When you fail to plan, you plan to fail. R. Schuller
Dream Plan for Aaron: 1981 (Part 1) (click here) talked about Aaron when he was age 6 and Tommy age 4. In Part 2 I will talk about when Aaron was in Junior High. In 1989 Aaron was 14 and Tommy 13. In a later post, I will describe exactly how we tried to implement this dream plan. The successes and attempts that
failed, er, were learning experiences.
Dream Plan for Aaron: 1989 (Part 2)
Each day Aaron will get a hug, a song, a tickle, opportunities to exercise and to help someone.
He will have choices in each activity and environment which fills his life space (community, school/work/vocational, leisure/recreation, domestic domains).
He will have the best adaptations, supplementary materials, communication system and other modifications so he can be as independent as possible.
He will at least partially participate in all of his life activities, with the constant goal of increased participation.
But the most important part of the dream is for Aaron to have people who love him, and who he can love–a strong circle of friends.
Community Connections and Networking
Aaron will have increased opportunities to be around people who are NOT PAID to be with him.
He will be part of several groups/clubs which are composed of persons with and without disabilities. These groups will be for people about his same age, who share some interest.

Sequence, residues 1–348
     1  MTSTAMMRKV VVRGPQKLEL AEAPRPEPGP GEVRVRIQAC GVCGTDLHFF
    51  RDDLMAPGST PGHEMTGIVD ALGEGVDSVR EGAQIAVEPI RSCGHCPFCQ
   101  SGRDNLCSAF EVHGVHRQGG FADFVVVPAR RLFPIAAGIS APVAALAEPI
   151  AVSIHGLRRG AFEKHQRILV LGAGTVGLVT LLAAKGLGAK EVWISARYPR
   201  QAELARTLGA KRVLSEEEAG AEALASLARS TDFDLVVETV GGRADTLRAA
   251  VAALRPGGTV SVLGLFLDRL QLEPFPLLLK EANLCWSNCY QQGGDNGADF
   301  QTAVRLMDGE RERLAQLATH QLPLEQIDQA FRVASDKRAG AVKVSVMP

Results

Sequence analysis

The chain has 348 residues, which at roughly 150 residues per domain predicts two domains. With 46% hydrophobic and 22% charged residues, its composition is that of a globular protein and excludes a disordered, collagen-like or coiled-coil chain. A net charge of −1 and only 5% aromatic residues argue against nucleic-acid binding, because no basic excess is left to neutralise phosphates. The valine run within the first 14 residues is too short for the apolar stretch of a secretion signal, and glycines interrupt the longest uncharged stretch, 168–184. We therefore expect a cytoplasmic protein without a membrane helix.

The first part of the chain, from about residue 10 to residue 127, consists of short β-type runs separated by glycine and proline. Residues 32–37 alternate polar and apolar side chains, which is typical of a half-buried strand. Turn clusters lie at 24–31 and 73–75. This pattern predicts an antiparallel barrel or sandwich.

They will get to know each other over time, and will have many shared experiences. There will be a formal “Circle of Friends” session to outline people and goals to achieve community connections.
This networking will include each of their families and friends so there is a community of people who care about Aaron.
Because Aaron has the label of autism and mental retardation, we know he will learn fewer things than 99% of the population.
We know it will take him longer to learn them,
We knowhe will forget and lose skills he doesn’t practice.
We know Aaron needs adaptations, modifications, etc. to even partially participate in activities; and,
We know he will need direct /indirect supervision at all times.
Aaron has been in school 13 years he has only 8 years to go:
In school, Aaron will have a functional curriculum (vocational, recreation/leisure, domestic and general community functioning) which looks at he needs in his life spaces. This will carry over in all parts of his life–all year long (including summer school).
It will be arranged around activities which are jointly decided by Aaron, his family, friends and professional team.
Aaron will continue to build his job resume. During his last year of school (age 22) Aaron will be placed on the permanent job he will continue after graduation. He will have the communication system and other adaptations he will need.
Aaron’s employment may include paid and unpaid hours. It may include 4 hours/seven days each week because of Aaron’s love for routine. It may include the same job (loading pop machines, emptying waste baskets….. in several sites. It may include a variety of tasks (so he doesn’t get bored) and could require a co-worker with complimentary skills so Aaron and he/she could share a job.